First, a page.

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Toronto chef Marc Thuet in his industrial kitchen in Toronto, on Nov. 2, 2018.Christopher Katsarov/Globe and Mail

Late one night last February, Susanne Carnelos heard rumbling coming from the laneway next to her home. When she looked down from her second-floor apartment in Toronto’s Leslieville neighbourhood, she saw a moving van.

She went downstairs and introduced herself to Toronto chef Marc Thuet, who was setting up his new industrial bakery in the commercial building next door. Explaining that she lived in the building overlooking the lane, Ms. Carnelos asked if he could keep the noise down. Mr. Thuet apologized, and the van left. An hour later it returned and equipment was moved in throughout the rest of the night.

“That was day one,” Ms. Carnelos said. “We deal with a lot of noise Monday to Friday during business hours, but now that they’ve moved in, it’s all weekend and overnight.”

Mr. Thuet, one of Toronto’s top chefs, and his wife and business partner, Biana Zorich, starred in the Canadian reality-TV series Conviction Kitchen.Christopher Katsarov/Globe and Mail

The resultant dispute between the Petite Thuet bakery and residents in the east end neighbourhood highlights the tensions that can develop when homes and industry sit side-by-side. A growing number of such conflicts are cropping up in Toronto as residential development intensifies and creeps closer to land zoned for commercial use.

The problem is complicated by the fact that there are different rules governing the various zoning categories, which include residential, commercial, industrial and mixed use. In Ms. Carnelos’s case, her building, now zoned residential-commercial to serve as a live/work space, stands metres from the one next door. Both five-storey buildings once belonged to a gum factory, but while a developer converted Ms. Carnelos’s building into roughly 80 lofts in 1998, its sister building is zoned to allow for light industrial use. Today, it plays host to dozens of tenants ranging from a security hardware supplier to architecture firms and production studios.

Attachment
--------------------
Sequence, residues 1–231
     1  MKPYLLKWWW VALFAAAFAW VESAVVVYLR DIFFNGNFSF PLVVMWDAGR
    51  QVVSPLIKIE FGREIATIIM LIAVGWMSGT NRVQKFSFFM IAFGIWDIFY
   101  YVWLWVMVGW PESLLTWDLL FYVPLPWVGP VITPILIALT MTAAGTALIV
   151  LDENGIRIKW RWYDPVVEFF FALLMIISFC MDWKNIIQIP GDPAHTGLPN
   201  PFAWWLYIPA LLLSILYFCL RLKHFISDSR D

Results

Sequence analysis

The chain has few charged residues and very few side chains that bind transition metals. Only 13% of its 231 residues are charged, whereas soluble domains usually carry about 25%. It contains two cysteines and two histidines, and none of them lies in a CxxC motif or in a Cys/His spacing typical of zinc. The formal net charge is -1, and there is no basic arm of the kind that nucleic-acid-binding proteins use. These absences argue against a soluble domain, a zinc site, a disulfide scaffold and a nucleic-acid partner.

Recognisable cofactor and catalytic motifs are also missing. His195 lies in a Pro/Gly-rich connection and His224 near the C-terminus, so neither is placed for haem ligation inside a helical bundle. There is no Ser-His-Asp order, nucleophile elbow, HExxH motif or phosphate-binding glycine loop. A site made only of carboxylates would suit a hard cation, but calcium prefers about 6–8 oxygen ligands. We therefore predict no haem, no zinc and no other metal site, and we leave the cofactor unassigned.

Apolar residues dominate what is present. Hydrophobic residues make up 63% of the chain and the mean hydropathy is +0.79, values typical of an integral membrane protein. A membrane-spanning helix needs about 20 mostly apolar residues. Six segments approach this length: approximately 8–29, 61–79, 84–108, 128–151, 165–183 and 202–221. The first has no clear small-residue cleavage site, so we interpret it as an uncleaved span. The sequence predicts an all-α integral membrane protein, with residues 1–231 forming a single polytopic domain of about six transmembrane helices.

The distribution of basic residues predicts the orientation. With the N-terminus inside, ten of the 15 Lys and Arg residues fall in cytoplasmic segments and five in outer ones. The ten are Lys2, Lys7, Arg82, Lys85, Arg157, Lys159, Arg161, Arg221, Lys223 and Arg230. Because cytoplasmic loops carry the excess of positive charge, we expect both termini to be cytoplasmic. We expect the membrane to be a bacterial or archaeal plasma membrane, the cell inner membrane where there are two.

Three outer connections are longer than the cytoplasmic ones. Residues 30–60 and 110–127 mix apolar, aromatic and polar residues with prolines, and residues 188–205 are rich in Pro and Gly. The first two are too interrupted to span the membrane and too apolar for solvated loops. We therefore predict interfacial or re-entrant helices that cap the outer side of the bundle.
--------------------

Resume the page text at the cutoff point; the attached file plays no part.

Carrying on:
Mr. Thuet's industrial kitchen is located in Leslieville, Toronto. There are different rules governing the various zoning categories, which include residential, commercial, industrial and mixed use.Christopher Katsarov/Globe and Mail

Mr. Thuet acknowledges the concerns about his operations. "Living next to the laneway, it echoes like crazy.”

Mr. Thuet, one of Toronto’s top chefs, and his wife and business partner, Biana Zorich, are well-known in the city. The pair star in the Canadian reality-TV series Conviction Kitchen, where they work with ex-convicts, and their bakery employs people who have come from halfway houses, shelters or rehab. The couple leased the 5,000-square-foot space to keep up with the demand for Petite Thuet’s breads and pastries. The bakery operates round-the-clock, delivering its products to hotels, restaurants and retailers daily, including big names such as the Fairmont Royal York Hotel and the CN Tower.

But soon after the bakery moved in last winter, complaints from nearby inhabitants began to pile up.

An employee at the Petit Thuet kitchen sorts baked goods on Nov. 2, 2018.Christopher Katsarov/Globe and Mail

Calvin Hwang, who’s lived in his fifth-floor apartment for close to 20 years, said the noise has never been louder. "Its unbearable,” Mr. Hwang said. “I can only imagine how it is for other people who are closer to the ground floor.”